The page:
Beginning with the front door with its massive, sinewy brass handle and voluptuous latch, the exceptional character of the Bixby Ranch House is indisputable. This is, after all, one of the most famous houses in Long Beach. Built in 1890 for George H. Bixby, among the City’s most prominent native sons, it was the ten-acre family seat of the huge Bixby ranch and real estate operations. Here various farm buildings stood side by side with formal landscaped gardens, a beautiful outdoor brick pergola, and long Classical reflecting pools. The property was eventually subdivided and this private community of homes is now gated, anchored by the Bixby estate at center stage. Designated in 1988 as Long Beach Historic Landmark No. 16.52.330, the 9-bedroom, 7-bath mansion was designed by the English-born, San Francisco-based architect-brothers, Coxhead and Coxhead.
With its rich, warm skin of cedar shingles, the Bixby Ranch House is an example of the “Shingle” style of architecture. This very American genre eschewed Victoriana’s verticality and ornate pastels. Instead, similar to Craftsman ideals, Shingle architecture emphasized simplicity and “honest” materials such as stone, wood, and brick. However, this humility was combined with a sophisticated aesthetic that strove for the sense of a house as one continuous volume whose various shapes, dormers, and bay windows were all unified by that taut shingle sheathing. Mostly seen in the late 19th century East Coast seaside houses of rich industrialists, finding an expression of that style in Southern California is very rare. But perhaps it should come as no surprise. Ernest Coxhead (1863 – 1933) was known for his highly personal interpretations based on the rustic, romantic ideals of the Arts and Crafts movement and his own memories of a pastoral, picturesque England. What’s even more exciting, Coxhead’s fearless exuberance in combining elements from other styles to add functionality or interest—such as an American Colonial Revival gambrel roof; the alternating curved and triangular pedimented dormer windows, straight out of Italian Renaissance and the Medici family circa 1550; or the wooden spiral “Solomonic” columns from the Byzantine era that flank an imposing fireplace—is fully on display here.
A long March 21, 1904 article in the Long Beach Daily Press concurs. Titled “A Very Beautiful Home,” the newspaper celebrates the house as an example of “workmanship at its best,” noting that Bixby provided “profitable and steady employment for many months to a large number of skilled artisans and mechanics of this city, and [the house] will long remain a real source of credit both to the owner and the community.” The article – which also paid breathless homage to Bixby’s many well-bred race horses, stabled in a barn that even boasted an organ for the stable hands -- waxes poetical on every feature of the design, especially the seemingly endless panels of “solid white oak,” or “natural poplar treated with wax,” and the way the architects provided “numerous convenient cupboards sunk in recesses, and drawers where one would not dream of finding, and closets for all manner of purpose.” Certainly Coxhead seemed to appreciate the 19th, 20th, and 21st century’s perennial need for storage: charming, eccentric spaces turn up again and again, under stairs, a pocket underneath the roof, etc., again reminiscent of medieval buildings … or, equally, Modernism’s embrace of built-in storage for postwar households.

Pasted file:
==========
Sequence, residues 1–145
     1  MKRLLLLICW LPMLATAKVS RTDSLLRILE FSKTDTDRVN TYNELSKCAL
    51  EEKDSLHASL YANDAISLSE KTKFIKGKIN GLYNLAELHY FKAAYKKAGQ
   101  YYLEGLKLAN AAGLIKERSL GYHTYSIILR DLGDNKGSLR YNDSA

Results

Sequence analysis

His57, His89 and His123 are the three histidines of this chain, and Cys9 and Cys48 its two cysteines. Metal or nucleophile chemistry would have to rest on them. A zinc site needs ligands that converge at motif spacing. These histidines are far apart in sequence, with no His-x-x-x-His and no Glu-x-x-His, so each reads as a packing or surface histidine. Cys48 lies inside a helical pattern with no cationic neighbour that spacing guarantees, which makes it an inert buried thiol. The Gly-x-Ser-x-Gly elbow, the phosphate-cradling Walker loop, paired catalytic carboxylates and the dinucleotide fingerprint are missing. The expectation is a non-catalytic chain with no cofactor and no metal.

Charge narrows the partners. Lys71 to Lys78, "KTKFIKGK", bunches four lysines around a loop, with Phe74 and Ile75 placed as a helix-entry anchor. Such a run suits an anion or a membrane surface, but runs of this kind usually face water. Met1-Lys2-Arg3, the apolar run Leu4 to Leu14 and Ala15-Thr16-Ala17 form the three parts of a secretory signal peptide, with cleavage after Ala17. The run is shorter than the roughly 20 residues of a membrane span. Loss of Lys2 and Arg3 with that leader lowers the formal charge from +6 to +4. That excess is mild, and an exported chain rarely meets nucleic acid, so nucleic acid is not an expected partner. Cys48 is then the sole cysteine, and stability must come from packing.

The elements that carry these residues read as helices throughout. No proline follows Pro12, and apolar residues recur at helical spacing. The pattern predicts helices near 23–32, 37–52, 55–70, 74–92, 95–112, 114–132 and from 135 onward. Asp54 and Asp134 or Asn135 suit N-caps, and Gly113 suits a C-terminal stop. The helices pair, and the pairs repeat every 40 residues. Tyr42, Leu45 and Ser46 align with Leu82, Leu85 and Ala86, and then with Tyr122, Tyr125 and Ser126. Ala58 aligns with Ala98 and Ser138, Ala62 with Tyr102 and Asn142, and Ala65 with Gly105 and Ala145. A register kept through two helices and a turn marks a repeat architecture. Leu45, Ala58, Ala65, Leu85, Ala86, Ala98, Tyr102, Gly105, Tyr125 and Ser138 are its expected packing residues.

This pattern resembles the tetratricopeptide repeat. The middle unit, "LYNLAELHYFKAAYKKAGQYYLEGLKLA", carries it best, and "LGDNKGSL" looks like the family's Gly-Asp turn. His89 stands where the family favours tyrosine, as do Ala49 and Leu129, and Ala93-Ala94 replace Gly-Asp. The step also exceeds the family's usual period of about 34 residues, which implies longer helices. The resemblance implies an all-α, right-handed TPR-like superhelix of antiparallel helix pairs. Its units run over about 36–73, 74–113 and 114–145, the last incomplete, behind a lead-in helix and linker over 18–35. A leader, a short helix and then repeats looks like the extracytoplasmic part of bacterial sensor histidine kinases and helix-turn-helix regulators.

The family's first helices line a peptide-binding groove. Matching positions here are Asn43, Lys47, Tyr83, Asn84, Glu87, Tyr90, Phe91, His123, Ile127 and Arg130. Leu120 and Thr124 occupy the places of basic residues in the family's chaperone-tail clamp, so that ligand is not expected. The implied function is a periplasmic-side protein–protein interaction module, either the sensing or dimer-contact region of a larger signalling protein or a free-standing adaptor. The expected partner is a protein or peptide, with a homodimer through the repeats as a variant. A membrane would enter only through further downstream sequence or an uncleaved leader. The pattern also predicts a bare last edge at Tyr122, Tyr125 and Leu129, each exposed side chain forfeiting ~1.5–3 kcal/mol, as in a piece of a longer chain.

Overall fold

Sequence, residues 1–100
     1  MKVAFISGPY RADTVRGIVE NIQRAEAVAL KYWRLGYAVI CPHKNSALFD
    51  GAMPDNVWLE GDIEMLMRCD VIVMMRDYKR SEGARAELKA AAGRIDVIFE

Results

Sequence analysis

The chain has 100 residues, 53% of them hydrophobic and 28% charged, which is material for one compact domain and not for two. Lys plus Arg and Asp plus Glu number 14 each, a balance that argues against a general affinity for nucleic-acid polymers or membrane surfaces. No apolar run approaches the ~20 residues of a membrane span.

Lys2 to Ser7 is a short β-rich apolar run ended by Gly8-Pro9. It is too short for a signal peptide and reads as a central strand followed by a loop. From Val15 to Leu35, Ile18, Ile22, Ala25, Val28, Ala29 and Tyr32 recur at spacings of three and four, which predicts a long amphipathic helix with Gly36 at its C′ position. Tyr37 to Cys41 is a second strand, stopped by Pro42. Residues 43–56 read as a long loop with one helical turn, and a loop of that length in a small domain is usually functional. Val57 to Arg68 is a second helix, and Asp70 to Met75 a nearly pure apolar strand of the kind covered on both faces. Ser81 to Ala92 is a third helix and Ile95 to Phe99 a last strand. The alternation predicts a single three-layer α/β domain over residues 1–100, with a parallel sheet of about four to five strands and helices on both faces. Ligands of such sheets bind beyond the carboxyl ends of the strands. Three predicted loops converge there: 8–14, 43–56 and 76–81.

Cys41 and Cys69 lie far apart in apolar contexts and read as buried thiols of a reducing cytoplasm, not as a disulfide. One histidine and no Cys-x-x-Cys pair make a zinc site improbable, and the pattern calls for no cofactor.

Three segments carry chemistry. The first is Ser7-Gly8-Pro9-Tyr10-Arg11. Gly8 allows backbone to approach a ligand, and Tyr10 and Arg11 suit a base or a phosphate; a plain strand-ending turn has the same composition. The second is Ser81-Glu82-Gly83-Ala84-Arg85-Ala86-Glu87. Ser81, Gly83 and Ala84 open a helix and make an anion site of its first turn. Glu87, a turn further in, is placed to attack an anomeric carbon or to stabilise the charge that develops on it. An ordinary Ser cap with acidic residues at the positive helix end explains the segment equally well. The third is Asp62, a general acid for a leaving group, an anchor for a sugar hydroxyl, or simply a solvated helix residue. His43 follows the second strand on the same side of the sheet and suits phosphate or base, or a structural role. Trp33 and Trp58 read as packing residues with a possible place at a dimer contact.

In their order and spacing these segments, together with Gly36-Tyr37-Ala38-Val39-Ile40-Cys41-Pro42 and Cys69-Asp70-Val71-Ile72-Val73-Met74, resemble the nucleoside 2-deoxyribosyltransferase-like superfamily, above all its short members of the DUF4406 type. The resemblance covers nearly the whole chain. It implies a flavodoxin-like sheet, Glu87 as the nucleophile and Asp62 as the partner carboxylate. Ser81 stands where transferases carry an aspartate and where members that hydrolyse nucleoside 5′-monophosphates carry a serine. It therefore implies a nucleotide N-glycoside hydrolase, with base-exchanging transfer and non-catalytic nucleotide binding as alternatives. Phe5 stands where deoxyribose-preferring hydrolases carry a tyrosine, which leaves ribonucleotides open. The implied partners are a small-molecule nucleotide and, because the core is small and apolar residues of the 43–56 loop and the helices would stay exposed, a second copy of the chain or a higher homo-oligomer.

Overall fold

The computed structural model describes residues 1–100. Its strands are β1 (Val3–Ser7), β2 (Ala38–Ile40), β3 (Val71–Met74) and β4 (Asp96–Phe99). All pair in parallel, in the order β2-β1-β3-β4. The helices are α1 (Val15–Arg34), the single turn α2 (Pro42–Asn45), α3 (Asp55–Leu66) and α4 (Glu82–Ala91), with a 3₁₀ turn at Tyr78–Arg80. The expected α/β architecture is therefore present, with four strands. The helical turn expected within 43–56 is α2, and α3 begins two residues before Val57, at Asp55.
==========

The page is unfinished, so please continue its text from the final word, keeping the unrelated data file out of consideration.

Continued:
In fact, the home’s many personas combine past and present, tradition and progress, everywhere. Employing massive wood sliding doors to permit a variety of configurations, Coxhead designed a flexible floor plan that connected formal public spaces such as the grand salon/music room (aka the “billiard room”) and the banquet-size dining room. While this strategy anticipates postwar Modernism’s “open plan” for servantless households, at the Bixby Ranch House these spacious flowing rooms possess a grandeur that speaks to an older era. And while busy farm life with ranch hands, bunkhouse, work sheds and barn swirled around the 6,978-square-foot house in its early decades, as the newspaper noted, no expense was spared to create the stunning displays of polished quarter-sawn oak paneling, sconces, and custom carved woodwork whose craftsmanship is absolutely museum quality. Leaded glass windows and bookcase cabinetry in the library recall medieval English country life. Original black “clinker” brick ala Craftsman houses is extant in the six fireplaces; while “Grueby” ceramic tile in the trademark matte cucumber green of the famous tile firm faces a bedroom fireplace.
While so much of the original historical features are extant, key components of the property have been brought up to date. Much of the .7-acre property was rehabilitated in 1991, including a new foundation, electrical, plumbing, and mechanical systems; a huge, newly remodeled kitchen with multiple work stations and pantries; updated servant quarters, bath- and bedrooms; and a new 3-car garage. The current owner has continued that effort, using historic photographs to restore the original Bixby lily pools (now transformed as reflecting pools), the pergola herringbone brick paving, and the extensive lawns, gardens, and trees. “A Very Beautiful Home,” no longer 1904 but 114 years later.